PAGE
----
The Youngest of the Darling Daughters telephones me at 9:15 a.m. I have just emerged from the shower, all dripping wet and looking like the proverbial drowned rat. I am, nevertheless, Always Up For A Chat.
As we chat, I endeavour to dry myself, get dressed, straighten up the bathroom and make the bed. I am, shall we say, partly successful. At 9:30 a.m. I have to regretfully bid farewell to the Darling Daughter as I have to be
at the Heene Community Centre for our weekly Singing for Pleasure choir session by 10 o'clock and I still have to (i) brush my teeth; (ii) pack my choir bag with red music file and bottle of water; and (iii) try to coax out of Mr B what he would like me to
buy on the way home for our dinner.
It's a close call but I make it into my seat (alto section, second row back) with five minutes to spare. My friend Sue, who has been saving my place for me, has been casting
worried glances at the door, wondering where I am. Saving a seat for someone who doesn't turn up is definitely frowned upon by the rest of the choir. As I queue up to pay my 50p to Myra, I chat to Rosemary who says she is sitting with the altos, even though
she is a mezzo-soprano. I wonder if I would sound better if I were a mezzo soprano? Whatever one of those might be. Rosemary says she finds herself singing all week long between choir sessions. Just like me.
Choir Conductor, the Redoubtable Muriel, is trying to master the new piano. Well, it isn't a new piano, as such, just new to us. Muriel is somewhat scathing about its dusty exterior, its subdued tone and the fact that it is much taller than the old piano so
she can't peer over it to keep a watchful eye on us to make sure we are not gazing down at our words rather than throwing our voices out into the wide, blue yonder. Or at least the back wall of the hall. The tone is slightly remedied by opening the piano lid
(dislodging more clouds of dust) while turning the piano round deals with the visibility problem. Our Muriel is nothing if not resourceful.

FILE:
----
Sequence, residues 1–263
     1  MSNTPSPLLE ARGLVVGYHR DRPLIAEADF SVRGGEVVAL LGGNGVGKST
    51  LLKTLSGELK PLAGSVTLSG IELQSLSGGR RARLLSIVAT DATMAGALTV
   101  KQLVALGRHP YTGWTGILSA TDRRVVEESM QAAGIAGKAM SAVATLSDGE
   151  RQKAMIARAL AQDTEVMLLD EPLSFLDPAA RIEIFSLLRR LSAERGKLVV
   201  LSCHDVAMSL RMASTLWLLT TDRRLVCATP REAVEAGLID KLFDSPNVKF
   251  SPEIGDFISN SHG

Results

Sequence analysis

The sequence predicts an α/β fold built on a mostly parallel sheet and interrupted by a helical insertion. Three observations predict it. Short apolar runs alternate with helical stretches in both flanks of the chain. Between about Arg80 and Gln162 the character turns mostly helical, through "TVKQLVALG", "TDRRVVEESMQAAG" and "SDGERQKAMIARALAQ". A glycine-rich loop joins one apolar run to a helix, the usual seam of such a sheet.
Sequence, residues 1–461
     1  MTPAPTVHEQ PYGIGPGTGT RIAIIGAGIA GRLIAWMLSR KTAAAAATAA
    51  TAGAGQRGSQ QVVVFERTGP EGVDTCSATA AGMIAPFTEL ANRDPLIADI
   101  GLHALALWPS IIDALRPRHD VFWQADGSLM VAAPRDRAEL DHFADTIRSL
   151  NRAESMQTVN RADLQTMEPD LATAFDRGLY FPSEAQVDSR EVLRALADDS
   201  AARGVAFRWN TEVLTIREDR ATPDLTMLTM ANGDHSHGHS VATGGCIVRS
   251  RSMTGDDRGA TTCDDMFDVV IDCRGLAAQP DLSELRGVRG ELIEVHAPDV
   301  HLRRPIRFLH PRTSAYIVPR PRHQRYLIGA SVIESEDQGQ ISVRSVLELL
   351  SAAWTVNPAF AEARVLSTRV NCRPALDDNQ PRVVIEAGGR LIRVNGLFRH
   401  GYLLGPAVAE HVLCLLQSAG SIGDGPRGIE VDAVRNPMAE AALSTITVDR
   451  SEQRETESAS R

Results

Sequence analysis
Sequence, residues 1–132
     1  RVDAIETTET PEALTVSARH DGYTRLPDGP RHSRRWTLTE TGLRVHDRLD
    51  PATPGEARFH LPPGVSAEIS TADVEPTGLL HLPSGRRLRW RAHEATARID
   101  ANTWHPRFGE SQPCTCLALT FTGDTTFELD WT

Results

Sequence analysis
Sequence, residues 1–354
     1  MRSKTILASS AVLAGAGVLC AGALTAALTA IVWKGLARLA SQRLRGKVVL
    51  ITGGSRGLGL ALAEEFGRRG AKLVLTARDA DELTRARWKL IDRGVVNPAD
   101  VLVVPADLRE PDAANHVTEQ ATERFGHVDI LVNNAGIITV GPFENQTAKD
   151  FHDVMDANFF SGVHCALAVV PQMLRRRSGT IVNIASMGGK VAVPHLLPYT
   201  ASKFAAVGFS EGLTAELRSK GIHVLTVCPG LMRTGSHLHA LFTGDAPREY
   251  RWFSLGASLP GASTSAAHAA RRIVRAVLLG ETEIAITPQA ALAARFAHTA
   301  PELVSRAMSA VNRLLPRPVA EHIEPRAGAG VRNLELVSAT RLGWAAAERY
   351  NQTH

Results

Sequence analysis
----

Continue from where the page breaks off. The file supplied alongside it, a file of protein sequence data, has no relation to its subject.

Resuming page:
On her way to choir she has, as usual, been surveying the scene in
order to come up with the week's Challenge of the Vowels: Blue Sky, White Clouds, Blue Sea, Green Green Grass. We sing along dutifully except for Jay who wants to know what has happened to the Brown Speckled Pebbles we usually sing about? The Redoubtable Muriel
doesn't grace this with a direct response apart from saying that we sing what she sees. There's a certain logic to that.
When the Bacon Bap Brigade assembles in the community café afterwards, the conversation
turns to plans for an Open Day in July to showcase what the U3a (that's University of the Third Age for the uninitiated) is all about, Roland shows us a plan of the Main Hall with space allocated for the Orchestra, the Choir and the Art Group. There will be
smaller rooms off the Main Hall, one a Games Room - where our Nomination Whist group will be - and one for the Discussion Groups (who presumably - or, rather, hopefully - won't be discussing at one and the same time.) The third room will be a Quiet Room apparently.
Well, chance would be a fine thing, as my dear Mum was always fond of saying; I've rarely, if ever, known U3a members in a quiet or pensive mood.
I will need to involve the members of our Nomination Whist
group in agreeing how best to showcase our offering. We could, I suggest to Roland, play perhaps half a game lasting twenty minutes to half an hour. We could have a system a bit like the old "Excuse Me" dances, where a would-be player could take over somebody's
hand. The more I think about it, the less I think it will work. Back to the drawing board.
On the way back to the car I am on the lookout for signs of a tree which was apparently uprooted in last week's Storm
Katie in the road where I park. Disappointingly there is nothing to see.
I sing "I know it is springtime" at the top of my voice. Don't worry, there's nobody else around to hear my warbling. I do love that
song. It's all about green meadows, frolicking lambs, and daisies "twinkling like stars at our feet." On Monday, out with the Birdy Group, we will be meeting in Honeysuckle Lane for one of my favourite walks of the year. With luck we will see all the Signs
of Spring in the space of a couple of hours.
And I will know, for certain, that it really is Springtime.